In the middle of the 70s, the series of Quasi-pictures began, the creative principle of which is continuously present in her art. She selects a part of a geometric grid system by random selection, enlarges it, and places it in the plane, and later also in space (Serial drawing with two quasi images, 1976; Quasi image according to random data, 1977). Also, in the second half of the 70s, she makes the shifts and the 4-out-of-five type of image sequences. In the case of the former, a square is divided diagonally, then the resulting parallelograms are shifted relative to each other. From a technical and material point of view, very diverse sets of objects are created: graphics; object (Displacement of a square, 1974). The organizing principle of the 4 out of 5 types of images is the classification of different types of objects and shapes, divisions into different orders, e.g.: five different divisions of four squares, with omissions and colors, five positions of a carrot and the like (5 out of 4, 1976; 4 of five , 1979).
In addition to experimental films, the end of the 70s brought a new, graphic realization of the problem of hidden structures: the Hidden Structures frottage series was created by bending the folded sheet of paper under the sheet, and the resulting structure remains hidden, the various geometric units become imprints of forms that no longer exist (Hidden Structures 1-3., 1977-79). In the early 1980s, all of this naturally led to the Sluices, structural analyzes with light, liquid, and powder. Maurer went back to the idea raised in his 1972 work, Wind Signall, when she again began to study the movement behavior of various materials and record their impact.
Another decisive development of the 1980s was the coloring of Quasi-images and their exit into space. She distinguished and highlighted planes and volumes with colors and created shaped canvases (Quasi-image No. 86, 1983). The system of Quasi-pictures, which was created based on a pre-developed rule system indicating quantitative changes (movement) and providing a large amount of variation, was combined with aleatory highlighting and a hierarchy of cold and warm colors. The completion of the program was realized in 1982-1983, when Dieter Bogner asked her to paint the tower room of Buchberg Castle. In accordance with the "cutting pattern" of Space Painting plans (watercolor, paper, 1980-82), she projected the colored grid system designed on the plane onto the 14 m2 space and painted the illusionistic space. She documented the details and process of the painting with a series of photos and film (Space Painting,1983).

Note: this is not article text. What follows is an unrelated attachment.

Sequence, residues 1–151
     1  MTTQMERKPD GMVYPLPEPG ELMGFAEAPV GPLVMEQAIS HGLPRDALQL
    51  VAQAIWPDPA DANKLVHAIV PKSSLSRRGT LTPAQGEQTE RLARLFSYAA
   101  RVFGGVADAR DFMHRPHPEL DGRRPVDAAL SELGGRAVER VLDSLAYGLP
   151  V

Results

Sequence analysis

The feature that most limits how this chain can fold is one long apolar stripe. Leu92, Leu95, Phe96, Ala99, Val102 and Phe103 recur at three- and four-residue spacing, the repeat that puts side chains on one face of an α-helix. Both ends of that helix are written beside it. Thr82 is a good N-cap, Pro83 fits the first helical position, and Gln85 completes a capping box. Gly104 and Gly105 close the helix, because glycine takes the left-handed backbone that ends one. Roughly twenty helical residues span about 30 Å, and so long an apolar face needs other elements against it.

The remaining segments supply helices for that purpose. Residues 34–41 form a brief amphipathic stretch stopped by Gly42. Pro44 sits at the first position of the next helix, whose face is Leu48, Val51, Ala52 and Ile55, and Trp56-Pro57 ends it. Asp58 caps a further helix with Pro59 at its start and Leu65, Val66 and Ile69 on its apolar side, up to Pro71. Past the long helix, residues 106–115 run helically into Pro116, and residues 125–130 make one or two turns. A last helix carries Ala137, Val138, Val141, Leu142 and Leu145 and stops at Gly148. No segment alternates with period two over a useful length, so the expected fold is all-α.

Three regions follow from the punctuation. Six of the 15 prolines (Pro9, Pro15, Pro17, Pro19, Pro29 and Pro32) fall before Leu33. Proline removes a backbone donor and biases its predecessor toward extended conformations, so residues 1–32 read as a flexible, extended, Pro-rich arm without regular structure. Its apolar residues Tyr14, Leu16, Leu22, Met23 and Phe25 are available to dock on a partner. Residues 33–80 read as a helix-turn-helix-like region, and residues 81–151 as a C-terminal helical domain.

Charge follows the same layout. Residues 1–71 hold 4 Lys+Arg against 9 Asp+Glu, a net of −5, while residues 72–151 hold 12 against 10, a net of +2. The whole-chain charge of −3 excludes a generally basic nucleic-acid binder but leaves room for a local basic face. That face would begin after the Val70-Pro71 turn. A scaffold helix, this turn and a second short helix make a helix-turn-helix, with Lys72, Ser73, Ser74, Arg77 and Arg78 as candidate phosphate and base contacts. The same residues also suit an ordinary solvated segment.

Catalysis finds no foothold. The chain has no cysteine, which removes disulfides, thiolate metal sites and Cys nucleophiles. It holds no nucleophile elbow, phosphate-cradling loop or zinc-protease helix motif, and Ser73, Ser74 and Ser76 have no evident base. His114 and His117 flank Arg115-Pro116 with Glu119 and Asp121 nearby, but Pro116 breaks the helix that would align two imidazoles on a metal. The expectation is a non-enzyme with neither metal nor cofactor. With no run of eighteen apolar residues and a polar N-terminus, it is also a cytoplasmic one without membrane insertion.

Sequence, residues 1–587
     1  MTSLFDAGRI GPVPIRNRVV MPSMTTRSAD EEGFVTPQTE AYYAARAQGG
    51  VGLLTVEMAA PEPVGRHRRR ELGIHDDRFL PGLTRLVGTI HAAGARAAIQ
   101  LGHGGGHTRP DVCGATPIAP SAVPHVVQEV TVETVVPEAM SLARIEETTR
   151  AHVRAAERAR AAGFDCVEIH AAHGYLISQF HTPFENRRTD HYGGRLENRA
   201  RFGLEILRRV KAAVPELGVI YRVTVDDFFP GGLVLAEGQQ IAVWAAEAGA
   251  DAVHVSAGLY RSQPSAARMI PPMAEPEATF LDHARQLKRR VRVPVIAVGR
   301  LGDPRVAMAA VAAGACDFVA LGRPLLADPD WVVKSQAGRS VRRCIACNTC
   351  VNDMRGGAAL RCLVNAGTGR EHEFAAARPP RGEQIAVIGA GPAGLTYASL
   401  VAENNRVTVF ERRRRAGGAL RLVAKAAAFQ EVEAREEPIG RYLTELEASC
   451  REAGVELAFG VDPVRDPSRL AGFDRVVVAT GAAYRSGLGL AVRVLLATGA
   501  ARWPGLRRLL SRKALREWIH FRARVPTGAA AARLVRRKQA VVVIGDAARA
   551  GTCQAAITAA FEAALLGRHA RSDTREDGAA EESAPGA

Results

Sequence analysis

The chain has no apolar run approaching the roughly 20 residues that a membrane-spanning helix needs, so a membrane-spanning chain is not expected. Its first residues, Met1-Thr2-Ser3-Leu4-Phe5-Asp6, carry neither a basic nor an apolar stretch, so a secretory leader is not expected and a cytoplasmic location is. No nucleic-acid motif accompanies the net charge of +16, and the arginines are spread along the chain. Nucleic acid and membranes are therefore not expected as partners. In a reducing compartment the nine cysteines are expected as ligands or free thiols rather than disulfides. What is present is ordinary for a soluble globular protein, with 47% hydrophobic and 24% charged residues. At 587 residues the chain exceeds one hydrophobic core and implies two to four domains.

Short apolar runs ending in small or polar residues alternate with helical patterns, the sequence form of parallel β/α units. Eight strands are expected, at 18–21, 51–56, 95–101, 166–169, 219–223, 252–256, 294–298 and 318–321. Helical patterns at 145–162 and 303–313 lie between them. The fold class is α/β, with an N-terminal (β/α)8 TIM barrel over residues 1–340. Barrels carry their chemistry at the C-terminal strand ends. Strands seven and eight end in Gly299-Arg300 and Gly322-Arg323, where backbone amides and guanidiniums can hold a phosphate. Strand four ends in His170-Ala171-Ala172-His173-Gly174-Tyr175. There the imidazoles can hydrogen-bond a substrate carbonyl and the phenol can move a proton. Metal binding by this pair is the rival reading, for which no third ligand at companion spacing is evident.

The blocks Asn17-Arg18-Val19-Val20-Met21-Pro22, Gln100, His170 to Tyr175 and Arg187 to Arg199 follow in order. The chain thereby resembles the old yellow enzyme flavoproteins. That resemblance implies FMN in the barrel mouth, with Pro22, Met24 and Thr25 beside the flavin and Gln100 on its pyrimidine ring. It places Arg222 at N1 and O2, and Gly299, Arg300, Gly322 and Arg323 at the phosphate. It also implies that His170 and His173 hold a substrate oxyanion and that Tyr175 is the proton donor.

At the turn of the 1980s and 1990s, she continued this program: the color world of the quasi-pictures constantly changed under the influence of different light and lighting conditions, and she painted this phenomenon again and again, this is the series of Relative quasi-pictures. The spatial possibilities also continued to expand, her shaped canvases "stepped off the wall" (Fallen Quasi-picture with basic form, 1986-91), or the curved forms within the plane were included in her toolbox (Mixed spatial objections IV. No. 9., 1993-96).
In the second half of the 1990s, she replaced the compositional system of eight standard colors with a more relaxed one (Hommage à Monet series), and then the problem of curved planes and space became the focus of her art (Curved plane, 1996). The realization of the continuous modulation of light and color relationships is the essence of the Rasterközi Quasi-kép series, which is also the continuation of the Displacements group two decades later Her filmmaking activity is closely related to her fine art work, it is an integral part of it, but at the same time, in addition to the visual possibilities of the media (image, color, movement), she also uses other tools - music, speech, noise, text - as an extremely creative creator. In addition to conscious and planned, constructed art creation, her very diverse artistic activity is sometimes not without irony and humor. Maurer's pedagogical, artistic and exhibition organizing activities are also of great importance.